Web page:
It was thus hardly surprising that by the time UNSCR 1816 (June 2008) neared the end of its six-month life, it had made little progress to rein in the pirates. The success achieved by Indian warships to neutralise some of the criminals is commendable, but it has hardly made a difference, perhaps even in terms of deterrence.
In December 2008, concerted efforts of the US, Belgium, France, Greece, Liberia and South Korea led the UN Security Council to adopt UNSCR 1851, which went further to authorize international military action against pirates on Somalia’s land territory. But India — acclaimed as a “regional naval power” — was no where on the scene to display the will for a similar response.
The “˜sea-blindness in India seems to be a systemic phenomenon. Much that one might tend to believe, the sea no longer presents a barrier for trans-national low-intensity threats that seek to undermine Indias survival as a nation-state.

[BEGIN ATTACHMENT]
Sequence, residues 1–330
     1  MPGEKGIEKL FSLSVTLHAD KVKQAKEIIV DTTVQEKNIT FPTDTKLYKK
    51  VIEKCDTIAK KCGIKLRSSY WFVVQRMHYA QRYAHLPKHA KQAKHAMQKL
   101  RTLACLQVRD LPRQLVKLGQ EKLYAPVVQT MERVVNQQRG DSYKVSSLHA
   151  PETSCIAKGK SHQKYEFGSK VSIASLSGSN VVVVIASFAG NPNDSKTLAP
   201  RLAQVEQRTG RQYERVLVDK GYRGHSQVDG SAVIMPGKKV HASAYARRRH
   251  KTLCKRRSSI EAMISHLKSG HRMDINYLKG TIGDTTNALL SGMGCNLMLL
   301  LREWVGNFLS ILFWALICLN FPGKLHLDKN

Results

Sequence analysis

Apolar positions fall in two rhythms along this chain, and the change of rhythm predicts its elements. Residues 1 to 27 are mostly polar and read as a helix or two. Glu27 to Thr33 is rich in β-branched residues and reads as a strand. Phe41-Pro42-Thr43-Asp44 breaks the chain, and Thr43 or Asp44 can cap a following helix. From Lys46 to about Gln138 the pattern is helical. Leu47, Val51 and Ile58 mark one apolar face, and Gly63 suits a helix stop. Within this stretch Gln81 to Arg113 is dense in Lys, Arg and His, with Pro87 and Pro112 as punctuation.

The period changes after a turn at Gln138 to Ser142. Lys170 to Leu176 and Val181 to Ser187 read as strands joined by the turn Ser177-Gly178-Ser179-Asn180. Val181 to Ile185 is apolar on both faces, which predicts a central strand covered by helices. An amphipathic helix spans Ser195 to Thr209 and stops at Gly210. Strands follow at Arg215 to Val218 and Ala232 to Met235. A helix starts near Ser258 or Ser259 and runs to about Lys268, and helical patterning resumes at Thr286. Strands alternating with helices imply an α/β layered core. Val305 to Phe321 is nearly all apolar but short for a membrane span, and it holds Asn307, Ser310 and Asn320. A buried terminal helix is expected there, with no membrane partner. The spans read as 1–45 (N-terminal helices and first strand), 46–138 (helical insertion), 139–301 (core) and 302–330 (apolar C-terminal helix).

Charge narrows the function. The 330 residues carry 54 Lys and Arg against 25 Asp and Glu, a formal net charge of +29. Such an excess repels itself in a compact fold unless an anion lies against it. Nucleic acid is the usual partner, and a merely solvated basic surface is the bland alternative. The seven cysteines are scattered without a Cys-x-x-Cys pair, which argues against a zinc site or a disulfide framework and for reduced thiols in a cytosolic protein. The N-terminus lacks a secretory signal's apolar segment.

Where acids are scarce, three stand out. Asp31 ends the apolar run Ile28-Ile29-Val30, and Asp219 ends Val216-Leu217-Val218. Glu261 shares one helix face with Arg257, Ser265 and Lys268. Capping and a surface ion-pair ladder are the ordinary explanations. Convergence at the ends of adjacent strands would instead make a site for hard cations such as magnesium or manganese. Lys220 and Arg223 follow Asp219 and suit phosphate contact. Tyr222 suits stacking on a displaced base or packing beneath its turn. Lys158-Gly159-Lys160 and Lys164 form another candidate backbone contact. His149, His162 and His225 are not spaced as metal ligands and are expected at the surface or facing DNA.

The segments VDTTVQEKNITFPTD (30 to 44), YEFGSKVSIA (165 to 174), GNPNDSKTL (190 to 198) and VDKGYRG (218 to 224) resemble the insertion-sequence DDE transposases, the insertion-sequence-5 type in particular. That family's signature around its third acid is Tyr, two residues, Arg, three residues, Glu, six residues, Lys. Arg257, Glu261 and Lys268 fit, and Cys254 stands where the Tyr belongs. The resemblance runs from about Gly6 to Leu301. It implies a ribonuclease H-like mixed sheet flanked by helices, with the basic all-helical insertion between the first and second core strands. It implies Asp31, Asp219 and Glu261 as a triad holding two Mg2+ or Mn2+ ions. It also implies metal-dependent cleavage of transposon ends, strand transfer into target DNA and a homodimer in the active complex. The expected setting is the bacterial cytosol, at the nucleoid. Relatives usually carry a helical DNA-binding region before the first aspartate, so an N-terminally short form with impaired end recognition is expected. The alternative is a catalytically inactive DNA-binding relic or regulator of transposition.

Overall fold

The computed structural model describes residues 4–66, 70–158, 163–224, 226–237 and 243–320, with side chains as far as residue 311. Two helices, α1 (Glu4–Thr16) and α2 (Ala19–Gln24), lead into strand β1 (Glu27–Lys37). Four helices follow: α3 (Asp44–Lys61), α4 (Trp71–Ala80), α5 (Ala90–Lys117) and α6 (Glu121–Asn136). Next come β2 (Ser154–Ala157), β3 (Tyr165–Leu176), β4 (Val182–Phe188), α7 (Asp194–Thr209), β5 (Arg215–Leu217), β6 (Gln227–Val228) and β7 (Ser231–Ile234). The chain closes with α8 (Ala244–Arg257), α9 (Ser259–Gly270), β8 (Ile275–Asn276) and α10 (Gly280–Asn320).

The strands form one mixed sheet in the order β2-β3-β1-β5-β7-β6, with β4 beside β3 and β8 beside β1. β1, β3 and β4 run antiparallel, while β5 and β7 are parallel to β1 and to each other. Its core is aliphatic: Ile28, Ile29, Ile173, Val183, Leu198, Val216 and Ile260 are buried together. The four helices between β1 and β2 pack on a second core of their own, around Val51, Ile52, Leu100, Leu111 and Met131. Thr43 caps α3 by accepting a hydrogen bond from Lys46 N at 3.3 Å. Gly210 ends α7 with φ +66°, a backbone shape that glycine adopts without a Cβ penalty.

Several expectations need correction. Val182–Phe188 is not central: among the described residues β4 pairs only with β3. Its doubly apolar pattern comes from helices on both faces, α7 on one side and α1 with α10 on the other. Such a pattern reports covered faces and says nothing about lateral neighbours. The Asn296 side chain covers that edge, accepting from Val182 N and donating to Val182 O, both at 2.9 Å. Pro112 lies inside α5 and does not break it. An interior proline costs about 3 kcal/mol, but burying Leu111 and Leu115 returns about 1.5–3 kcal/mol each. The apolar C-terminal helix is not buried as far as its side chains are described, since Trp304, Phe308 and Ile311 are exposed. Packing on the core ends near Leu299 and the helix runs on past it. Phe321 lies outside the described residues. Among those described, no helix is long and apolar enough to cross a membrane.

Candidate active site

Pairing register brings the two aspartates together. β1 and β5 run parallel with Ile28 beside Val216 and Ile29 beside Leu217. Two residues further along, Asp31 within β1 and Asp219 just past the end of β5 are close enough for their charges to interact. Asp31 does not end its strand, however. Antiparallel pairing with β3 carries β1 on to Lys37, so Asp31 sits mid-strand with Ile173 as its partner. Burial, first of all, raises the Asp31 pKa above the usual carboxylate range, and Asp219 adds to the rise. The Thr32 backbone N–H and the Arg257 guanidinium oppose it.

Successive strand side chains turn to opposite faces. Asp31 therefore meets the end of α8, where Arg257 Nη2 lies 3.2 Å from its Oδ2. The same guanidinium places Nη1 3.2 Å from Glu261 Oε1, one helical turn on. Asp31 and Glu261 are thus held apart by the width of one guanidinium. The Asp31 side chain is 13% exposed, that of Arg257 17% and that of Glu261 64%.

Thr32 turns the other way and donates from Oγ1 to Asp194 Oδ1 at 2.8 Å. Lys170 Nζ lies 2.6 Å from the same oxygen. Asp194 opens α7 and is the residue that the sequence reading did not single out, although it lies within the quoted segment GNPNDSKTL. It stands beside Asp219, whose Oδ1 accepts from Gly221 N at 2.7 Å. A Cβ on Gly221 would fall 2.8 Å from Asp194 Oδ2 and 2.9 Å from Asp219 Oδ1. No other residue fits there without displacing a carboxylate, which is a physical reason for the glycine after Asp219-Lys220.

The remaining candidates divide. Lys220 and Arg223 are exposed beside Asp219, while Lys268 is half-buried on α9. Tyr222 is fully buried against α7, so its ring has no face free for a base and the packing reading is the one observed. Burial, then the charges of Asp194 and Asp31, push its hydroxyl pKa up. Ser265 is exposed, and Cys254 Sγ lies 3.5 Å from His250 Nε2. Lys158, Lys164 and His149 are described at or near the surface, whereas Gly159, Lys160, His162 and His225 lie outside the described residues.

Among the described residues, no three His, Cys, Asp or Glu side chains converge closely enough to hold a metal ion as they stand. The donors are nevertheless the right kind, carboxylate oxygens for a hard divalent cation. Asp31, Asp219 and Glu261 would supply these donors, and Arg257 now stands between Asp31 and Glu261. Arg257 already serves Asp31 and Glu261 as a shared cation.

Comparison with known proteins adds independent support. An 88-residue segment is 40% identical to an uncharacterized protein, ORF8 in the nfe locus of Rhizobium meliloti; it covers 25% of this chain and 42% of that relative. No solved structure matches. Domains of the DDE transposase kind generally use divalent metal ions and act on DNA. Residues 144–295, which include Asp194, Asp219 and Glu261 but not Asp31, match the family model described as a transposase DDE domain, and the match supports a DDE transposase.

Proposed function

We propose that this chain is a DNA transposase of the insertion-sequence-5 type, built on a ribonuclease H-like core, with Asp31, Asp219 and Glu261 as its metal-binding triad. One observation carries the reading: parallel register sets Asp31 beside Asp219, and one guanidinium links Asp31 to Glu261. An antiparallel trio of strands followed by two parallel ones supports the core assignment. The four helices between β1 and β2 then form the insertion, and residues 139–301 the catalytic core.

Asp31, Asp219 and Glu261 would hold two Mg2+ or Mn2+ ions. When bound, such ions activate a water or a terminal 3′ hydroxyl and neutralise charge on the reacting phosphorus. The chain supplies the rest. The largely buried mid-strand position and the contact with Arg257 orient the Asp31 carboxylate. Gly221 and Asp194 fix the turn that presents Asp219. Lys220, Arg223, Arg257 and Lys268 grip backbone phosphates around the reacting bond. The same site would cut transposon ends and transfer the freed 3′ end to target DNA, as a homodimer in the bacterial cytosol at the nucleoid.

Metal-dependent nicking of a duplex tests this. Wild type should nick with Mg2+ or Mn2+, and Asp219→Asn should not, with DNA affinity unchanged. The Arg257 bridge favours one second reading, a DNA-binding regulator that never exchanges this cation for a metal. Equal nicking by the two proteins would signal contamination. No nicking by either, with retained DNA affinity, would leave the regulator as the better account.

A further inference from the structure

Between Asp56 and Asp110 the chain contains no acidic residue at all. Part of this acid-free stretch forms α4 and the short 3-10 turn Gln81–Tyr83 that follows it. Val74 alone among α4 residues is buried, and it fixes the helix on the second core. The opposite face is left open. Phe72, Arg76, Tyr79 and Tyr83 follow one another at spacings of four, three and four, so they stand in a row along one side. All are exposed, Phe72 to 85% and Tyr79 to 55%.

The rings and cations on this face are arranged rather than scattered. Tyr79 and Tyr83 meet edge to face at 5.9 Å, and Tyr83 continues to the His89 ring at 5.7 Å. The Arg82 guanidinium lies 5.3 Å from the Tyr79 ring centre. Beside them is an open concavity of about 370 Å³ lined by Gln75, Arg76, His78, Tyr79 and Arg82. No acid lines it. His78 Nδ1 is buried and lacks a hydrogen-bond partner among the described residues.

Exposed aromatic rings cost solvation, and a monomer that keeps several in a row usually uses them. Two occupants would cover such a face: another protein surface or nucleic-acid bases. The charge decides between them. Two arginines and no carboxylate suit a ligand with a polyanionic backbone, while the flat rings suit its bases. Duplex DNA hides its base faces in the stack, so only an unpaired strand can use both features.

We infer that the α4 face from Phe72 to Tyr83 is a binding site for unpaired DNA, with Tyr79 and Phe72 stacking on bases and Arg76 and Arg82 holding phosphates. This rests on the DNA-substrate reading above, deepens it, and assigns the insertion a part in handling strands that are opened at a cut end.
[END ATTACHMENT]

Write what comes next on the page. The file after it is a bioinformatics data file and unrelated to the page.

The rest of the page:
This was not the first time that Indian lives were held hostage by Somali pirates. There have been many such occasions since February 2006 when the Indian ship MV Bhaktisagar was hijacked along with its 22 crewmen. In all cases, the pirates got away with substantial sums of money as ransom. Bitter experiences of terrorism have lately led Indian policymakers to discard negotiation as an option in hostage situations. However, when a situation relates to piracy, there seems to be no resort other than waiting for shipping company to pay ransom money to the pirates. There is a little realisation that this is akin to whetting the pirates’ appetite and providing nourishment to a ‘monster’.
Piracy off Somalia and the Gulf of Aden became rampant since the first half of 2005. This maritime area falls well within India’s primary area of strategic interest, which has often been articulated by its political leadership. Sixty percent of its trade transits through these seas. Besides, considering that India contributes more than 1,00,000 seafarers to the global shipping fleet (11 percent of world’s mercantile human resource), many of the 25,000-odd merchant vessels traversing these seas each year are crewed by Indians.